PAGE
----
Myanmar’s reformist business tycoon leading economic evolution

Zaw Zaw, the chief of Max Myanmar group, a major conglomerate in Myanmar, has become the poster boy for the country’s uphill battle to outgrow its past and build a democratic society and a fully modernized economy.

About half a year since the U.S. lifted economic sanctions against the Southeast Asian nation, which was under military rule for decades, Zaw Zaw is attracting international attention as a major driving force of the country’s transformation.

Besides being the popular president of the Myanmar Football Federation, Zaw Zaw, the executive chairman of the business group, is seen in the international community as a paragon of ethical and transparent corporate governance. With his long and solid commitment to governance reform becoming widely recognized, he is now receiving a flood of partnership proposals from foreign companies.

Myanmar’s economy, which is still dominated by corrupt moguls with cozy ties to former military rulers, needs strong reformist business leaders like Zaw Zaw.

His ability to inspire people was on display at an event held on Feb. 17 at the Thuwunna national stadium in Yangon, which was packed with young people wearing the uniform of the country’s national soccer team.

It was a ceremony to mark the opening of the National Football Academy, an institution formed to train promising young players — teens from around the country who have the potential to make the national team.

Some $2 million has been spent on the academy, which has modern training and other facilities in addition to two international-standard fields.

The academy was created to help Myanmar regain its past soccer glory. The country’s national team won the championship of the Asian Games in 1966 and 1970. But Myanmar’s soccer might dwindled during the ensuing era of military rule.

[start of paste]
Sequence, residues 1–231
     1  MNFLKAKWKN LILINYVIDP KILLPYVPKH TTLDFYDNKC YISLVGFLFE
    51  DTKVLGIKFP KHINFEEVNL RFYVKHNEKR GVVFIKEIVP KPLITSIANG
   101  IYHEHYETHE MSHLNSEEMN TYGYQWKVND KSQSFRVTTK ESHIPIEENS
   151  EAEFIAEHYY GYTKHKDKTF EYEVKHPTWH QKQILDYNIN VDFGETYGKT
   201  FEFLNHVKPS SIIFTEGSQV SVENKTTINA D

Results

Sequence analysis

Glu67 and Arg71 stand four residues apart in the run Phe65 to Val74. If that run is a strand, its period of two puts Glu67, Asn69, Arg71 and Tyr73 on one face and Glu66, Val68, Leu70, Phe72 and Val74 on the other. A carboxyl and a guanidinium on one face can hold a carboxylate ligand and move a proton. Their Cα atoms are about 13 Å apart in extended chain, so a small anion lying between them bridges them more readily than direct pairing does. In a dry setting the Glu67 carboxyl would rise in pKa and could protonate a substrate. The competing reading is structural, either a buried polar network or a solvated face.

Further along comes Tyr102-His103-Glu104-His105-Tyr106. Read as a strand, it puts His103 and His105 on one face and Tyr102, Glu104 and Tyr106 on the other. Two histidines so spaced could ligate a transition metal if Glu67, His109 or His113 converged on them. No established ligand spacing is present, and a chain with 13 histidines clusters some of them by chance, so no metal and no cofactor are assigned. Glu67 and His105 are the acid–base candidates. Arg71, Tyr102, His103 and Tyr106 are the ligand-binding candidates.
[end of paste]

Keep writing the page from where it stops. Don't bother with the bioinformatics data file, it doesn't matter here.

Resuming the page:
At 5 p.m. that day, a white Rolls-Royce arrived at the stadium. Zaw Zaw, a youthful man dressed in a tight black suit, emerged from the car and into a flood of camera flashes.

Standing at the podium, the business tycoon delivered a passionate speech in fluent English.

Zaw Zaw stressed the importance of human resources for the development of Myanmar’s soccer and pointed out that the soccer academy has been founded for the future of talented children. He also referred to new FIFA President Gianni Infantino’s move to expand the World Cup and encourage co-hosting of the global soccer event. Zaw Zaw said Infantino’s agenda has increased Myanmar’s chances of taking part in the event and opened up the possibility of Southeast Asian nations co-hosting it.

His uplifting speech whipped up excitement in the crowd.

Soccer is the most popular sport in Myanmar. Since Zaw Zaw took the helm in 2005, the country’s soccer federation has enhanced the national youth player development system, giving top players opportunities to take part in training programs in Europe.

His efforts are beginning to pay off. In 2015, the country’s Under-20 national squad qualified for the FIFA U-20 World Cup.

With his contribution to the rise in the country’s international soccer status widely recognized, Zaw Zaw is often greeted with loud chanting of his name when he appears at a national team match.

Zaw Zaw is also contributing financially to the sport. Most of the money to found the academy was provided by his charity foundation.

Zaw Zaw was born in the southern Ayeyarwady region in 1966, when the country was governed by a socialist regime.